Leaving George Rochberg’s music for last is no reflection on its beauty, grit, imagination or—for a couple of decades—his courage in disavowing the international avant garde. The Chicago Symphony commissioned Symphony No. 5 in 1983 for that city’s forthcoming sesquicentennial, where Georg Solti conducted the world premiere in January 1986 (a year early; Chicago’s official birthdate was March 4, 1837). But it was never played again—anywhere—until this recording at Saarbrücken in March of 2002 with Christopher Lyndon-Gee in charge! He was auditioning to be Solti’s assistant at premiere time, and finally was able to conduct and record this 29-minute work in a single movement—a masterpiece in my judgment, on a near-par with Lutoslawski’s Third Symphony, also commissioned by the Chicago Symphony (for its diamond jubilee season, but so slowly composed that its debut was seven years late). Rochberg cast his single movement in seven sections: an assertive, brass-dominated “Opening Statement,” followed by “Episode I,” then “Development I,” “Episode 2,” “Development 2,” and a “Finale” that brings forward music from “Episode I” that lifts a dark curtain on much “bleak reality,” in the conductor’s words. The “Episodes” are “contemplative, even dreamlike in character” (again C.L-G), but their developments rise to mighty outpourings of personal anquish combined with anger. Like the Albany Orchestra, the Saarbrücken Radio Symphony is not the Chicago Symphony, but they play at the top of their capacity for Lyndon-Gee, who deserves a medal for his perseverance as well as his conducting chops.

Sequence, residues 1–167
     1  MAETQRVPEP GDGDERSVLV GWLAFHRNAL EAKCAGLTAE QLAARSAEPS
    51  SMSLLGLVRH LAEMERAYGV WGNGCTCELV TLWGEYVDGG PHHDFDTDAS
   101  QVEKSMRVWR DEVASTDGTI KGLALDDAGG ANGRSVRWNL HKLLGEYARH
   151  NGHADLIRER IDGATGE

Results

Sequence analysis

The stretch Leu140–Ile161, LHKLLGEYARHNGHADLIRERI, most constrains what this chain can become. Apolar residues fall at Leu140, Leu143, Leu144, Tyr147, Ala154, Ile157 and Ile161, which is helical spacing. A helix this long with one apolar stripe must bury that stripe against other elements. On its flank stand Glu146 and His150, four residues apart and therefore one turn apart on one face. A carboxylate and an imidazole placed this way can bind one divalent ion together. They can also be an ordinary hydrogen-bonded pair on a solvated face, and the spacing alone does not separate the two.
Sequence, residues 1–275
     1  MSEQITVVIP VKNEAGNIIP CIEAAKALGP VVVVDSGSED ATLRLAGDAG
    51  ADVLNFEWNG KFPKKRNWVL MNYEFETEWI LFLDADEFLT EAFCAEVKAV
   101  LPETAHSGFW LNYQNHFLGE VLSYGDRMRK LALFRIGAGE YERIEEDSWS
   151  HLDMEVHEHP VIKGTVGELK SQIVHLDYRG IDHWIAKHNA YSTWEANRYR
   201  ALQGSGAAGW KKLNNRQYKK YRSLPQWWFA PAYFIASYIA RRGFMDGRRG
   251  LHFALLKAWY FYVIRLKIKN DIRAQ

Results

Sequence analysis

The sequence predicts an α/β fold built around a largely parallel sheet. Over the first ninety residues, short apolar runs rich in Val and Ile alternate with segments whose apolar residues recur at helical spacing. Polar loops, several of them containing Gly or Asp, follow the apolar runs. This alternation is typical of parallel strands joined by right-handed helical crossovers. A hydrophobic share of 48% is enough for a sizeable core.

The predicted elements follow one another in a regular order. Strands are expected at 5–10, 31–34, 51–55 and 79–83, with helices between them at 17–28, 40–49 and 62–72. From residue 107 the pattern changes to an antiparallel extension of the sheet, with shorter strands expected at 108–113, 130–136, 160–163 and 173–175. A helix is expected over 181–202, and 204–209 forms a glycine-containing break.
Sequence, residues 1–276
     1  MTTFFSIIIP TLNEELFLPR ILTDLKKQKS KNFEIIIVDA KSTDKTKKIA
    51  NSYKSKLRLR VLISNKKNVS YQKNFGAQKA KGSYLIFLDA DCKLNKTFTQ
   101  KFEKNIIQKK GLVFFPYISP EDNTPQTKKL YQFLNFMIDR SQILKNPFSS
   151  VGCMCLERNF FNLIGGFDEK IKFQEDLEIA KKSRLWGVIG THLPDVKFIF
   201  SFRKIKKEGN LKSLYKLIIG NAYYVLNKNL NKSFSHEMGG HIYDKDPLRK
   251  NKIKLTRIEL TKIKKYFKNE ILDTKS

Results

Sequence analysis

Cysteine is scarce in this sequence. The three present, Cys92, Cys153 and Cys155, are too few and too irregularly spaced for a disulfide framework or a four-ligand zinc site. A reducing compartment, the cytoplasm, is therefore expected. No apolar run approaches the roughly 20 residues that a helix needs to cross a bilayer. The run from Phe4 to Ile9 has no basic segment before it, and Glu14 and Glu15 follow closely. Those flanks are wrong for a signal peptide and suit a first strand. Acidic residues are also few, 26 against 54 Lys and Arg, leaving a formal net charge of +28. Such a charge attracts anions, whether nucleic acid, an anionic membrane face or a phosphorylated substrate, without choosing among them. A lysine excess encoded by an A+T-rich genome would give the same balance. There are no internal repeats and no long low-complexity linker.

Black Sounds was commissioned by Lincoln Center in 1965 as a ballet score for Anna Sokolow, who performed it as The Act. It comes from the same chrysalis as Symphony No. 5, but from an earlier time of shattering familial tragedy. Rochberg reworked it from his 1964 Apocalyptica for wind ensemble, piano and lots of percussion (originally untuned but in Black Sounds given pitches). It acts here as a powerfully dramatic, almost demonic entr’acte before the beatific Transcendental Variations for string orchestra, derived from the Third String Quartet of 1971-72, in which the composer returned to tonality. Again there are seven sections that rise to a Mahlerian apotheosis without direct quotation or enfeebled imitation. It and the Fifth Symphony are first recordings of the 85-year-old composer’s timeless creations. Not to hear them, learn them, and be deeply moved on return visits would be musical masochism. The German recording team(s) have produced a distinguished DDD soundstage for these acts of dedication by everyone who participated. Welcome them all. Please.


R.D. (August 2003)